Where Have All the Statespeople Gone?

Last Wednesday night, while speaking to students at the Kennedy School, Sen. John F. Kerry (D-Mass.) praised Senate Minority Leader Tom Daschle (D-S.D.) for discouraging Democrats from attempting to pass bills when the party temporarily holds a Senate majority between Jan. 3, when the new congress takes office, and Jan. 20, when the president is inaugurated. Kerry noted that the Democrats decided to act like "statespeople." There's a word that hasn't been needed in the past month. Webster's Dictionary defines "statesman" in part as "one who exercises leadership wisely and without narrow partisanship in the general interest." Could there possibly be any better to term to describe how the two presidential aspirants have not acted?

Every time one of the candidates opens his mouth about why we need to stop or restart recounts for this or that reason, they are really saying, "Let's do it this way because I really want to be president." When Vice President Al Gore '69 called Texas Gov. George W. Bush to retract his concession, Bush acted amazed. Imagine that--Gore wanted to make sure he really lost the election before giving up. Bush didn't care whom the voters voted for as long as he won the race. So Gore asked for a recount. Then he wanted another recount and so on. Gore has shown the country that he wants to recount the votes in Florida until he wins the election. He maintains that many votes were not counted that would potentially propel him over Bush. Never mind the fact that there is a margin of error all across Florida--let's just look at heavily Democratic districts. Bush counters this by bringing the case to court. Gore files a counter-claim and all of a sudden a court will be deciding the next President of the United States.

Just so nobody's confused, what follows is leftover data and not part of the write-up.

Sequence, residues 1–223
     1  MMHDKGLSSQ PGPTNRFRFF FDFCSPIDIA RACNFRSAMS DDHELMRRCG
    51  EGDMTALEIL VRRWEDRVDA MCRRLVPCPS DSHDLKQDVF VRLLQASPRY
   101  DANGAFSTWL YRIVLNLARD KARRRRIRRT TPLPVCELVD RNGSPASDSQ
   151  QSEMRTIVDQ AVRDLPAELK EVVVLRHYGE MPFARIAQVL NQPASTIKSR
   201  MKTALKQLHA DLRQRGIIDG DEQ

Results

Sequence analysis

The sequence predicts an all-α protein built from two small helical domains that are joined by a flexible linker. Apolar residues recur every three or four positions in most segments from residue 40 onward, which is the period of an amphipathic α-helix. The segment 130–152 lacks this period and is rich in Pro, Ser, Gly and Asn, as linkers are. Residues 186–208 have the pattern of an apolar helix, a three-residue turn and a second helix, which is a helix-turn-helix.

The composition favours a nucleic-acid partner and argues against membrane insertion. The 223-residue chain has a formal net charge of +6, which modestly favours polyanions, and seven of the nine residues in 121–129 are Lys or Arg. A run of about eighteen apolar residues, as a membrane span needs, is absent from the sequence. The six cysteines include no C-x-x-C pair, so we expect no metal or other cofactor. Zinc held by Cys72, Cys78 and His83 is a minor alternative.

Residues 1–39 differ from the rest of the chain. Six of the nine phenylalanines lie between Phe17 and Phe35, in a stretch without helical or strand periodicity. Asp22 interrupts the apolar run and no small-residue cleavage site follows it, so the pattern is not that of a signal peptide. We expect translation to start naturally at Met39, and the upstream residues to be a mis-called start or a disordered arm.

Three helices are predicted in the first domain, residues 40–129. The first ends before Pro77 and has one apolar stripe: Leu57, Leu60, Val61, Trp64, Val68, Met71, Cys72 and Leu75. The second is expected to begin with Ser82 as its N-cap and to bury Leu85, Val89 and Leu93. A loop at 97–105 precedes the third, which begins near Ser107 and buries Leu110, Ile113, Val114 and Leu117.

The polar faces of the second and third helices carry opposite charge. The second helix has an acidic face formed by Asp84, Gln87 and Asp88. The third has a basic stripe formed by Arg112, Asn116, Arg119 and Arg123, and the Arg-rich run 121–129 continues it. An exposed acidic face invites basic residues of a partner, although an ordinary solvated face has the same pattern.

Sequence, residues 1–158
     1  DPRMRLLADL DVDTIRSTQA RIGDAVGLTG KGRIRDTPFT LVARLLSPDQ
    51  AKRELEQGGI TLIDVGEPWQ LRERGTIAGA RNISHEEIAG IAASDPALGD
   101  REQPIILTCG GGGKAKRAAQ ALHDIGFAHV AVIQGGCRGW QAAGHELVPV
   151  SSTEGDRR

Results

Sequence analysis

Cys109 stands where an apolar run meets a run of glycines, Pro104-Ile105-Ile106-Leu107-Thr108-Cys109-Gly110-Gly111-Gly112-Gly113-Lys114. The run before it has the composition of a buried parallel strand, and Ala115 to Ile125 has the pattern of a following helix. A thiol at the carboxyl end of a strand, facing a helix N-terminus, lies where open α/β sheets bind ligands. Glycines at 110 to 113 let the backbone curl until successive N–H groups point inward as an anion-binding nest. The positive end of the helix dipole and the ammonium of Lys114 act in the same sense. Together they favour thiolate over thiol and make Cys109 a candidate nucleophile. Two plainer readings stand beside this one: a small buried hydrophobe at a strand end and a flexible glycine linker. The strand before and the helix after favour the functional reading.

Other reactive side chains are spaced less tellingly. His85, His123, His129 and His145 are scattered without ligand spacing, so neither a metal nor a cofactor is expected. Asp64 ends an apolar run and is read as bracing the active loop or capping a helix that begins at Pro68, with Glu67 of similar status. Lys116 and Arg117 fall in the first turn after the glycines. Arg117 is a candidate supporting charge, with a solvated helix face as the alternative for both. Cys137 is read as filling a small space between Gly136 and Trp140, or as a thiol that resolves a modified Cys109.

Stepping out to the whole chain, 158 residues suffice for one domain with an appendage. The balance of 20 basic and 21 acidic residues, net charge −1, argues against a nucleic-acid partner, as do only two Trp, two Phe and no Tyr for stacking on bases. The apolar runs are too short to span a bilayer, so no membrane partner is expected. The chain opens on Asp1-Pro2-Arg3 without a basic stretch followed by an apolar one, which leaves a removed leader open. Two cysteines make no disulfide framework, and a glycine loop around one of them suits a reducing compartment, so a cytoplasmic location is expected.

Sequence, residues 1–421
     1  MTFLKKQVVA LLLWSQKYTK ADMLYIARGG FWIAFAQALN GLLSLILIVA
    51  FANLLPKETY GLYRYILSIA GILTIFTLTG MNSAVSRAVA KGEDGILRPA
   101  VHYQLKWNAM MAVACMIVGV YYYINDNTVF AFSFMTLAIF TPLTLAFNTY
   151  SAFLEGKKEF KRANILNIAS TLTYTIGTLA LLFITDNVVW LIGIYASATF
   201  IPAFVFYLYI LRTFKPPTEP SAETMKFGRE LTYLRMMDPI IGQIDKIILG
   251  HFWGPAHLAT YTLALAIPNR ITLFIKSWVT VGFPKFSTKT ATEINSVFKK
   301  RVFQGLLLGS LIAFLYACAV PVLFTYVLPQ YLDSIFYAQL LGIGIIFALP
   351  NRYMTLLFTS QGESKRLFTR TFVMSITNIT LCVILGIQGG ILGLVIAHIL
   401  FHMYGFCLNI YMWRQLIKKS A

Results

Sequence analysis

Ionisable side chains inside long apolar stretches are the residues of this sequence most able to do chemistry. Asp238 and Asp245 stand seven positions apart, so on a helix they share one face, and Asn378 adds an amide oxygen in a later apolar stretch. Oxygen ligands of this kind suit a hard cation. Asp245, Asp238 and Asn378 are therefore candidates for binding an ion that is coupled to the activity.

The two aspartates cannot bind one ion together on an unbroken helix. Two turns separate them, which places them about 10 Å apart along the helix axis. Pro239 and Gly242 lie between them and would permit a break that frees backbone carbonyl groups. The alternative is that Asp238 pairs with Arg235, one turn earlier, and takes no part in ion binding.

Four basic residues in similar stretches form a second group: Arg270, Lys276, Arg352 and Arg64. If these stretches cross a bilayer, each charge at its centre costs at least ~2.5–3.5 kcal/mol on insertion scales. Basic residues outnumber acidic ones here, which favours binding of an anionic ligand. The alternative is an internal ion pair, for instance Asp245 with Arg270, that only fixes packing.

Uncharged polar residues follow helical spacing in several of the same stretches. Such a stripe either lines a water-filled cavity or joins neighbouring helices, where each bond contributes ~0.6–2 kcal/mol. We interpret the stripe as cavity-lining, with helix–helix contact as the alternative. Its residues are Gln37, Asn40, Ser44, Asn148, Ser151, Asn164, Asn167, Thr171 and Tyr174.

In the most recent display of bipartisanship and honor, Bush's lawyers are attempting to force a recount of the entire Miami-Dade county if the Florida Supreme Court rules that Gore's request for a manual recount of 14,000 disputed ballots is justified. If Bush can counter that over 1 million votes need to be manually recounted, there will not be enough time to count the votes before the electors must vote on Dec. 12--Bush will win by default. Pretty clever Dubya, a great way to win an election indeed. What was that you said about being "a uniter and not a divider?"

What happened to the idea that a president should be our country's most dignified statesperson? Is this how George Washington, the sacred idol who first defined the presidency, would act if he were one of the candidates? The presidency should be filled by the best and the brightest America has to offer, not by the most popular member of the two major political parties. Where have all the statespeople gone?

Bush and Gore have shown that, like their most ardent supporters, they only know how to act as partisans. One acts like a nave little kid who thinks that he can win the election if he just starts moving in to the White House right now--as if the presidency was just a glorified game of "king of the hill." The other appears like the sorest of losers who won't stop crying until he gets his way. Next time, how about we vote for someone whose love for the country exceeds his or her ambition to win the presidency?

--Shan P. Patel